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Can we really identify if someone is crazy or not?

Being crazy actually has no boundary at all. An "eccentric" behavior condemned in one culture may be highly welcomed in another. How to define "norm"? And how to define "craziness"? A person who transcends the limitation of the environment he or she lives in may be called "crazy". Like 1000 years ago no one ever will think about using cell phone to connect with others. So is it necessary for us to explore the world of those so called crazy people ? What may be the potential benefit and what may be the potential harm?


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  • Aug 20 2011: My mother has schizophrenia and when you really break it down and do research on it what you find out is that the level of stimuli required to reach a conclusion is much lower than it would be in someone who is not afflicted with such disease causing them to react to things we would not react to.

    For example, if she were to walk into the living room and the couch was 2 inches to the left, she may think "the couch seems to be in a different place, i do not remember moving it, my doors were locked, maybe someone broke in and moved it, maybe god moved it to tell me something, or people are breaking into my house moving my furniture, i should be scared because if they can move my furniture maybe they want to hurt me, i am going to sleep with a gun under my pillow tonight just in case because i can't let them hurt me"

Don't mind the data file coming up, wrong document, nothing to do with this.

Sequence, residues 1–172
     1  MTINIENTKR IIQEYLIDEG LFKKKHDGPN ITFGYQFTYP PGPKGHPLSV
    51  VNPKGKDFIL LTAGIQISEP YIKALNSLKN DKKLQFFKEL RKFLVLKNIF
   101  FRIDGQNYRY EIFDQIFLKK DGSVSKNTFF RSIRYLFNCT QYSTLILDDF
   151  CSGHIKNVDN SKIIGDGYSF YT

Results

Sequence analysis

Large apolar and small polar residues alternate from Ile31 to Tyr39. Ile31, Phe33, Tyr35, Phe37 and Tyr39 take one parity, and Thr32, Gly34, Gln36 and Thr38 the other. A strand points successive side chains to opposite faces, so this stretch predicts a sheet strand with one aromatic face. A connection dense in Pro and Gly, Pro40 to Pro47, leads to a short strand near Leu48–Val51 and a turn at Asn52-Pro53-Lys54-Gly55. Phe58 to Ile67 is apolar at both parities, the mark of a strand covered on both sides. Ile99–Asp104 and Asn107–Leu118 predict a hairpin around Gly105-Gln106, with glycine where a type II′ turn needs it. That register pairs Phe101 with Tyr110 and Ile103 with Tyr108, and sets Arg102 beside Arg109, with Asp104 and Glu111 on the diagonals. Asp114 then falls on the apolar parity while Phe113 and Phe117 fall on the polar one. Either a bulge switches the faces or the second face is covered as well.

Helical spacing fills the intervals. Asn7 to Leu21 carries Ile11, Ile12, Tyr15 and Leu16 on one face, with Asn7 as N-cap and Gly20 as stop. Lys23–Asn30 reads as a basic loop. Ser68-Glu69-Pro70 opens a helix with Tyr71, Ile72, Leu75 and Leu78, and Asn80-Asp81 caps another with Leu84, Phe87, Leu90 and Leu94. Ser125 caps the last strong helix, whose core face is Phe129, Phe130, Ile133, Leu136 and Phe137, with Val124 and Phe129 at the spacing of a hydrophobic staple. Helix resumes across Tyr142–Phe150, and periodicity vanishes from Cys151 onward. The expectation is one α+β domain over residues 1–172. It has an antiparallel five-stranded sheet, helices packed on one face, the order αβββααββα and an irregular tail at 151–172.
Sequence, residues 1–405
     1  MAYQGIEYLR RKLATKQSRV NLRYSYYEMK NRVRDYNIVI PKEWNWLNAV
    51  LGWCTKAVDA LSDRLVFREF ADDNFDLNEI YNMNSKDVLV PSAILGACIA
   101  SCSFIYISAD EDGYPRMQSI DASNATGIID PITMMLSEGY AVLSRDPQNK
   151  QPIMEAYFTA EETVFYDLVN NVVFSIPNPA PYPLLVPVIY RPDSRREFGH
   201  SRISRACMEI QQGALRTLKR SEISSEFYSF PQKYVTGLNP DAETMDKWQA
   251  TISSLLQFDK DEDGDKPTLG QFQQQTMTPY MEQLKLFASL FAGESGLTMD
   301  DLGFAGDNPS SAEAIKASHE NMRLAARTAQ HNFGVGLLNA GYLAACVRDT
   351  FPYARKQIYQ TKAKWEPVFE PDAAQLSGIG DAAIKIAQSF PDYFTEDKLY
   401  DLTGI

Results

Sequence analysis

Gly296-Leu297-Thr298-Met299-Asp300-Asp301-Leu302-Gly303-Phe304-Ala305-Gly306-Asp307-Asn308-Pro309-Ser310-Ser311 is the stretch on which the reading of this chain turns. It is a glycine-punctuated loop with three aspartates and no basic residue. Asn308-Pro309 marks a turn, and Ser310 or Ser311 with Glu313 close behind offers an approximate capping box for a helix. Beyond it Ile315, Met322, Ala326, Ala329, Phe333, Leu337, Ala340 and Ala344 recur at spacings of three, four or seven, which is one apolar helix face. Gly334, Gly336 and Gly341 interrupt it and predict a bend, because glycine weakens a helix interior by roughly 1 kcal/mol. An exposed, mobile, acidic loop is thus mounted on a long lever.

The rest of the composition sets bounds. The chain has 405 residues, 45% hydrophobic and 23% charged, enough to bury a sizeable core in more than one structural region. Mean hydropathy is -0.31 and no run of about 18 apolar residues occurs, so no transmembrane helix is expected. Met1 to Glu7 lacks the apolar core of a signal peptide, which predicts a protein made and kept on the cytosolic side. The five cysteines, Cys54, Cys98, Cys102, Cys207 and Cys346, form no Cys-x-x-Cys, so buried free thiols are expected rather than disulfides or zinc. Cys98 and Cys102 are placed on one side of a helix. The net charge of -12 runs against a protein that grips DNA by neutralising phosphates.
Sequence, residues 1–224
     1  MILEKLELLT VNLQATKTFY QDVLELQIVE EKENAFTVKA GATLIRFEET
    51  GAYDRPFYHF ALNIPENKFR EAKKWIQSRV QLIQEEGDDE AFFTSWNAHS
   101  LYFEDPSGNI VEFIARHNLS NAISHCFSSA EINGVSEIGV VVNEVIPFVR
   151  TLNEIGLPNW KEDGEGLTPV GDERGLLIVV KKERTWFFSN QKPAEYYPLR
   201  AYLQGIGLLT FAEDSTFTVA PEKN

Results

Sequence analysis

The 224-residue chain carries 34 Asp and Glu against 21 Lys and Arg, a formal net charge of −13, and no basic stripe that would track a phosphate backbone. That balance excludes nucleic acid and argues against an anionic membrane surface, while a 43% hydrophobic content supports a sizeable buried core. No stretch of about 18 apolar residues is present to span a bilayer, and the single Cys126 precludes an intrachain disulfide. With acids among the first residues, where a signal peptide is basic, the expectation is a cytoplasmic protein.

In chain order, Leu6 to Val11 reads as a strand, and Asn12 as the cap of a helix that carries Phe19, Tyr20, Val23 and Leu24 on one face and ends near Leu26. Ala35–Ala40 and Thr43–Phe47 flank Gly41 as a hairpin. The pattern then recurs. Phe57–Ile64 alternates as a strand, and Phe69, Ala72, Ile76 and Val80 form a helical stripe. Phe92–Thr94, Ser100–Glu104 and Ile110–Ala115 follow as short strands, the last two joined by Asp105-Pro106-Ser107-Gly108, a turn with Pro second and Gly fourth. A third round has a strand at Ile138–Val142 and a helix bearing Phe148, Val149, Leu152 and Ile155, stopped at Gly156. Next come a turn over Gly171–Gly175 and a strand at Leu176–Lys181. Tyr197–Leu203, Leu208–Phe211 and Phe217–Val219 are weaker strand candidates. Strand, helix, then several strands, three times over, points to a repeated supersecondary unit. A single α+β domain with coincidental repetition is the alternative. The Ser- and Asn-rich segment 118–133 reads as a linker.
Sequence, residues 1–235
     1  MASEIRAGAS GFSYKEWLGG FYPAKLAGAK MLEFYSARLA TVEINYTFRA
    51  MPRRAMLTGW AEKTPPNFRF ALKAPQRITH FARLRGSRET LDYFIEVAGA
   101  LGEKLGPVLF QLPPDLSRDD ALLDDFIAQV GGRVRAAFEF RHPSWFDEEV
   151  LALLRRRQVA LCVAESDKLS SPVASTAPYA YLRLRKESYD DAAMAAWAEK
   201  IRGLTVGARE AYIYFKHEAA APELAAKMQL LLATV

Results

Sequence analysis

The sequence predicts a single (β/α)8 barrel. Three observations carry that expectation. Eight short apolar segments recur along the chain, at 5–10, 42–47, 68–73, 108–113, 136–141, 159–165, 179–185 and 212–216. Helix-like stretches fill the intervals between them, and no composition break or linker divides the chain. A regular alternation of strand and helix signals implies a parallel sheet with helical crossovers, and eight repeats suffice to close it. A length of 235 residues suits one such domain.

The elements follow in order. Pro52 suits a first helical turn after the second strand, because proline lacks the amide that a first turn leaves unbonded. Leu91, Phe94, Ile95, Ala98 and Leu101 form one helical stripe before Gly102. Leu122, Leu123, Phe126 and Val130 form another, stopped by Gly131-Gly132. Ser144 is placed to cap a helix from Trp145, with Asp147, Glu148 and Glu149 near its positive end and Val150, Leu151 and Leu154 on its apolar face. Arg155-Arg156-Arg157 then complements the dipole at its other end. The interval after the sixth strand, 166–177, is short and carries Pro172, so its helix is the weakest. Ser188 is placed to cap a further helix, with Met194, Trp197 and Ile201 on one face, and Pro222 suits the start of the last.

if i were to walk into the same room with the couch moved i might think "the couch is in a different place, did i move it and forget? did someone else move it? i was here alone with the doors locked, it doesn't look like anyone else was in here, i wonder if i bumped into it and didn't notice, or maybe it was always there and i am just remembering it wrong, either way, it doesn't really matter because there does not appear any imminent danger from the couch being moved and i have other things to do so forget why and move on"

    Why this happens science still does not have an answer but all my research has told me this.. there is definitely a scale of what we will take as proof of a threat and how likely we are to react, and to paraphrase the wise Richard Dawkins "in terms of survival it was almost always better to get spooked and run from wind in the grass thinking you saw a snake than to always ignore rustling grass and get bitten by a real snake one day."

    I see a correlation here in those traits being dominant in both the very religious and the mentally ill.. and what made us better fit for survival historically is now an impairment to modern life.
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      Aug 20 2011: Ryan - what you have said here is very interesting. I have done research into depression, but not schizophrenia, as you have.

      You have alluded to this already, but more specifically, I wonder what you think of the notion that schizophrenia is only seen as craziness from the standpoint of our current framework of reality? Some would say that in earlier, traditional societies, schizophrenics may have been revered - perhaps as shamans, medicine men etc, because of their propensity towards envisioning those things that others may not naturally see?

      Maybe this is me being crazy, but I believe that many of today's mental 'illnesses' are unlikely to be illnesses at all, and that it is more likely that our current take on reality is the thing that is 'ill', with accepted thought patterns that are almost entirely scientific, linear, empirical. What has happened to thought patterns that are panoramic, far-reaching, metaphorical? It does seem as though pure scienctific thought has become the norm, but thinking in metaphor has now become crazy.